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GBI Media Contest June 2022 Submissions, Part 1

GBI Media Contest June 2022 Submissions, Part 1

The theme for June’s media contest was “The Power of Nature.” This can, of course, be taken many different ways, and our field personnel did not disappoint in providing a broad array of views into how this manifests itself in our wild spaces. June’s winner is Research Associate Rebecca Finnegan, who is serving as Compliance Archivist at Zion National Park. Of the image above she writes, “Somewhere over the rainbow takes on a whole new meeting in the Red Cliffs National Conservation Area.”

We received so many great images that we’ll again be dividing our submissions into two galleries. Scroll down for the first.

Michael Snead, Research Associate, Wildlife Technician, Ruby Lake National Wildlife Refuge. “This bee feeding on a Knapweed plant symbolizes the outsized impact that a tiny creature can have on an ecosystem.”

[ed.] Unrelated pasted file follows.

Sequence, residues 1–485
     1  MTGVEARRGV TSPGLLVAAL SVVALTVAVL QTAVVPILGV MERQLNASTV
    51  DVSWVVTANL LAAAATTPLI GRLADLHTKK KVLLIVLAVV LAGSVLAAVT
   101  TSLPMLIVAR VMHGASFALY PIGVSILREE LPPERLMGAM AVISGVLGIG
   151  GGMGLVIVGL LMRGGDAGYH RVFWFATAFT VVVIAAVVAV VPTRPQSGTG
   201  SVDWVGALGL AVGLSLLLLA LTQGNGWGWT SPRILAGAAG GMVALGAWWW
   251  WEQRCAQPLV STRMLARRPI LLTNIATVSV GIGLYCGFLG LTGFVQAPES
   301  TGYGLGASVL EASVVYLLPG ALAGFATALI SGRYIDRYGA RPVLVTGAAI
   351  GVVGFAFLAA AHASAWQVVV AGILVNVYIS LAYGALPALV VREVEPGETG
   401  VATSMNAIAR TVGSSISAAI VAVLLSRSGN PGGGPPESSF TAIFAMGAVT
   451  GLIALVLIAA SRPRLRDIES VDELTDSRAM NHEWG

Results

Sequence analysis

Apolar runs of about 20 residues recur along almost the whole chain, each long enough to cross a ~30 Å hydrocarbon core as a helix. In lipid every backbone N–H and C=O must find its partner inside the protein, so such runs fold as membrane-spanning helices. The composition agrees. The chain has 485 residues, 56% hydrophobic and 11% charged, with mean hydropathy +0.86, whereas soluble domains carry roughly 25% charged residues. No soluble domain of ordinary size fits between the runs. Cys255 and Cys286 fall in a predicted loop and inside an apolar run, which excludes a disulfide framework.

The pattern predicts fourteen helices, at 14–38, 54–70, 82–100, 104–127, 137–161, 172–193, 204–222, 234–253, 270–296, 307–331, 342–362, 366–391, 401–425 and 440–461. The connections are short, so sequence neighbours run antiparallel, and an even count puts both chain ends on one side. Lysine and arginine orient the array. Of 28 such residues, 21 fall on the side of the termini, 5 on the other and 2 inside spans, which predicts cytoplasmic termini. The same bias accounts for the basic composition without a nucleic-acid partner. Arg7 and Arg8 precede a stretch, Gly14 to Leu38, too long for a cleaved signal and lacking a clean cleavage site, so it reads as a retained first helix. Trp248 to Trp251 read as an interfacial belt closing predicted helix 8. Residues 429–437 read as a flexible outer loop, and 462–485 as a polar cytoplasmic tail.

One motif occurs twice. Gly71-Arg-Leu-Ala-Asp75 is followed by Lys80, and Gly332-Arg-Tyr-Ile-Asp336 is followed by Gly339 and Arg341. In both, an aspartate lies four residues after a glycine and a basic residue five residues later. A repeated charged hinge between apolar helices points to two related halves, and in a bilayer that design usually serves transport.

Tessa O’Grady, Research Associate, Botany Technician, Klamath/Shasta-Trinity National Forest BAER. “Silene salmonacea or Klamath Mountain Catfly, being visited by a pollinator in the Shasta-Trinity National Forest. We found this endemic species in multiple locations while surveying for invasive species in recent burned forest.”

Megan Richie (Gross), Research Associate, Abandoned Mine Lands Crew Lead, Luckie Study Center at Joshua Tree. “Spring flower blooms in the desert are uniquely magical. Not every flower season is the same so when there is an exceptional wildflower bloom, it’s the talk of the town and truly shows the power of water in nature. This photo was taken during the 2019 super loom at the park’s research and study center.”

Sanja Zelen, AmeriCorps, Rangeland/Botany Tech, Bass Lake Ranger District. “Thousands of lady bugs soared, socialized, and sunbathed on corn lilies on a sunny late-spring day in Gaggs Meadow.”

Allie Nowicki, AmeriCorps, Biological Technician, Camas National Wildlife Refuge. “Sunset on a windy night at the refuge turned the sky purple and orange. This is the view from the bunkhouse I am living in as a Biological Technician for six months.”

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